NUR-SULTAN -- More activists have been jailed in Kazakhstan’s capital, Nur-Sultan, as police keep on rounding up activists amid preparations to mark the 81st birthday of former President Nursultan Nazarbaev in the tightly controlled Central Asian country.
Police in the western city of Oral detained activist Marua Eskendirova on June 30. Hours later, a local court found her guilty of taking part in unsanctioned rallies earlier this year and sentenced her to 10 days in jail.
A day earlier, a court in the Kazakh capital, Nur-Sultan, sentenced activists Nurlan Altynbaev and Aidar Syzdyqov to 10 days in jail each, and Aizhan Abenova to 15 days in jail after finding them guilty of violating laws on holding public gatherings earlier in the year.
The activists rejected the charges.
On June 28, two other activists, Marat Musabaev and Qaiyrgeldy Nurghaliev, were sentenced to 20 and 15 days in jail respectively on the same charges.
Local activists say that the incarcerations are connected to the call by Mukhtar Ablyazov, the leader of the Democratic Choice of Kazakhstan (DVK) movement, for a demonstration on July 6, the day the country's capital, Nur-Sultan, is celebrated in tandem with Nazarbaev's birthday.
Kazakhstan changed the name of its capital to Nur-Sultan in 2019 to honor Nazarbaev, who ruled with an iron fist from the nation’s independence in 1991 until 2019. The renaming of the capital from Astana to Nur-Sultan sparked protests across the country at the time.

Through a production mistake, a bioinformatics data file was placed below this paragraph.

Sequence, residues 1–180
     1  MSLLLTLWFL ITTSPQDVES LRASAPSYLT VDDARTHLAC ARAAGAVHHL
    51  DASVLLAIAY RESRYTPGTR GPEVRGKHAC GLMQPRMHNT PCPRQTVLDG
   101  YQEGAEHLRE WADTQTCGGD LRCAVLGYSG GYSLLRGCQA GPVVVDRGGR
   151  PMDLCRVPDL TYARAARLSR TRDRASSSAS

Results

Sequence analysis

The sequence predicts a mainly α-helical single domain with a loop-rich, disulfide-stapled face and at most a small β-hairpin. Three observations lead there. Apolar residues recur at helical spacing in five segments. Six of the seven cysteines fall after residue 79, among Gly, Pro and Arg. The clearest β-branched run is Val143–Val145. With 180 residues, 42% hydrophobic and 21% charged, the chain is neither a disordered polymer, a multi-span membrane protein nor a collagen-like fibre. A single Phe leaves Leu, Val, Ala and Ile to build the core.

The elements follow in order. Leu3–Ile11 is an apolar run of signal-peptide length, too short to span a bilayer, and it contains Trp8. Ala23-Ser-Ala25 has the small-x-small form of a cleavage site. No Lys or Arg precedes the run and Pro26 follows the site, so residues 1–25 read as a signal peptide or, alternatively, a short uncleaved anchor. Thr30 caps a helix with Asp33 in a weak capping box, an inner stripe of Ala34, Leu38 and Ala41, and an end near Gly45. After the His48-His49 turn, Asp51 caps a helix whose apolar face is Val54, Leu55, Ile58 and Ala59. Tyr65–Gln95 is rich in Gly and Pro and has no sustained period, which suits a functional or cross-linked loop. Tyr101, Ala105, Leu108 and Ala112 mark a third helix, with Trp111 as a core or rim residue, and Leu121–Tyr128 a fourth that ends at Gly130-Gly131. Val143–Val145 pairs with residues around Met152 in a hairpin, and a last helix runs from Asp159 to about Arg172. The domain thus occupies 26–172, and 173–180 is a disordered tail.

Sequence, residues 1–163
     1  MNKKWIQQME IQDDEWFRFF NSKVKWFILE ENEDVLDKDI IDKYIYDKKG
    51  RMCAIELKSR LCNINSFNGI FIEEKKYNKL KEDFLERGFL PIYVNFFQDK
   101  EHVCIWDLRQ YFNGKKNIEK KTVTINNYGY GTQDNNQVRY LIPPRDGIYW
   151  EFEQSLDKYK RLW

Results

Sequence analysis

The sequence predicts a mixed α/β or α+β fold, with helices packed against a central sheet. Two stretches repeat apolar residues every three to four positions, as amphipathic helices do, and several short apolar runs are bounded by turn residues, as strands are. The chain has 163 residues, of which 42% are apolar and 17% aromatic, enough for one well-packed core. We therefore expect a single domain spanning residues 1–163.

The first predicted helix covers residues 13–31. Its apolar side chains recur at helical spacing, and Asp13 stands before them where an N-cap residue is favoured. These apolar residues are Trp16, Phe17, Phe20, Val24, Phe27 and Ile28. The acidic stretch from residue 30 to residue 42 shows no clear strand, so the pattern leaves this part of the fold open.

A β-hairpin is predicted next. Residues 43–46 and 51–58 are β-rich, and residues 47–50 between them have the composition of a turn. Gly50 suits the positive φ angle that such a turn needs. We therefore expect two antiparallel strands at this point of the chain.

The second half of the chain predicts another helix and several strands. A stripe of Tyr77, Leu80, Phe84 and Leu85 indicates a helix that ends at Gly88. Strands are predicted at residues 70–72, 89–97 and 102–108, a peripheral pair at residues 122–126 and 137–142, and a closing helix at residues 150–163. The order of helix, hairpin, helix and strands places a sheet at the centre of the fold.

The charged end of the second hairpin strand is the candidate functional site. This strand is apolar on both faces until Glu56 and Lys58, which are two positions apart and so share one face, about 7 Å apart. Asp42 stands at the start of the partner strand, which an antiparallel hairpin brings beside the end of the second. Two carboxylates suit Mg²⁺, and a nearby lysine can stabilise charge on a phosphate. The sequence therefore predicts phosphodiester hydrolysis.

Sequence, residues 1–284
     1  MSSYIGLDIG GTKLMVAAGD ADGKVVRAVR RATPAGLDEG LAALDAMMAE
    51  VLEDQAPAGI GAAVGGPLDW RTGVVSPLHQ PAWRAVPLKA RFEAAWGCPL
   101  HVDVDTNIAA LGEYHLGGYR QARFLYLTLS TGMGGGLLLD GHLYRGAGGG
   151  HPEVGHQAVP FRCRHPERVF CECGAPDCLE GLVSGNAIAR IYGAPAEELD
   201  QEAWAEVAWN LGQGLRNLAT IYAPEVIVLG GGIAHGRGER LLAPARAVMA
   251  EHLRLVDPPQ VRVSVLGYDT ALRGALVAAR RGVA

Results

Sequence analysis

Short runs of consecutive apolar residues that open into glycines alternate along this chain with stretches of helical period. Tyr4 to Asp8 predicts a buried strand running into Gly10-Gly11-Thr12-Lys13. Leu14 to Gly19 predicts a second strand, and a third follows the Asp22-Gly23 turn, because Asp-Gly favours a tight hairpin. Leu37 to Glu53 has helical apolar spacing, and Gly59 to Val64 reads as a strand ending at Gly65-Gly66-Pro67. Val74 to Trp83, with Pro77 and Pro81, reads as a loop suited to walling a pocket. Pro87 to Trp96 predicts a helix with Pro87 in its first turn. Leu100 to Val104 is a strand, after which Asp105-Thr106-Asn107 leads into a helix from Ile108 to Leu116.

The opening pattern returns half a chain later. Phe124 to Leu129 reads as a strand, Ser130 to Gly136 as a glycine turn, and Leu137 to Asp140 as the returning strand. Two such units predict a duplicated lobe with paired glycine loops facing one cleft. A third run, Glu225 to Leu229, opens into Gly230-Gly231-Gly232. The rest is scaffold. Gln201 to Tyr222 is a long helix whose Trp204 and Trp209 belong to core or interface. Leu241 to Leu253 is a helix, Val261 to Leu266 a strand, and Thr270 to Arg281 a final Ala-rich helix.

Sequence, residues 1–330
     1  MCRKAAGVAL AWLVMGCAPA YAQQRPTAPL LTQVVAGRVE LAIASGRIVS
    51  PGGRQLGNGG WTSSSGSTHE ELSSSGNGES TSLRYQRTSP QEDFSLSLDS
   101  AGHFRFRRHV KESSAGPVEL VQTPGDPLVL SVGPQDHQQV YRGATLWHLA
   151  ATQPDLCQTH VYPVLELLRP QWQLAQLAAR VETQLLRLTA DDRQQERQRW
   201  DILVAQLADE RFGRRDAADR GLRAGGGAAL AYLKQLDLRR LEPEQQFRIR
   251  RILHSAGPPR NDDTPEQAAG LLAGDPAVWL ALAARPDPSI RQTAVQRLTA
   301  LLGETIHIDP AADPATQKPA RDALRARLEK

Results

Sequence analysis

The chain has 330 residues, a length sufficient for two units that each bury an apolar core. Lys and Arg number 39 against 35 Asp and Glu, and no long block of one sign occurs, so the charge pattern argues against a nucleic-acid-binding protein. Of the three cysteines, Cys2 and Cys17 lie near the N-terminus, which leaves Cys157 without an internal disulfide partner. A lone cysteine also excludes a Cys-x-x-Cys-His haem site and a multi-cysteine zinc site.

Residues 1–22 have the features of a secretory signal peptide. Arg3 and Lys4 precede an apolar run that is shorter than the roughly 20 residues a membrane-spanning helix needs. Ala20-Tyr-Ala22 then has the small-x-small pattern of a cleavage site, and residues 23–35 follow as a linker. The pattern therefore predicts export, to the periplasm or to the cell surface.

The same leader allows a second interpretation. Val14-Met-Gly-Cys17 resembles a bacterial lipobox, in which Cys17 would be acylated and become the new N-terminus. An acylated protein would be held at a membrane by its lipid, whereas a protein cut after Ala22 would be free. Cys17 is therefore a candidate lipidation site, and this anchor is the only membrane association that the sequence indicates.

Nazarbaev continues to wield considerable influence as chairman of the Security Council and enjoys almost limitless powers as elbasy -- leader of the nation.
Kazakh authorities have banned DVK and its associate, the Koshe (Street) party, labeling them as extremist organizations.
Dozens of activists have been on hunger strike in Nur-Sultan and several other cities in Kazakhstan, including Almaty, Oral, Oskemen, and Shymkent, since June 19, demanding the cancelation of court decisions to ban DVK and Koshe.
Under President Qasym-Zhomart Toqaev, who was handpicked by Nazarbaev, Kazakhstan continues to clamp down on the freedom of speech and harass opposition members.
Police last year detained dozens of journalists and bloggers and launched criminal cases for alleged crimes such as spreading false information and inciting the public, according to Adil Soz, a local media watchdog.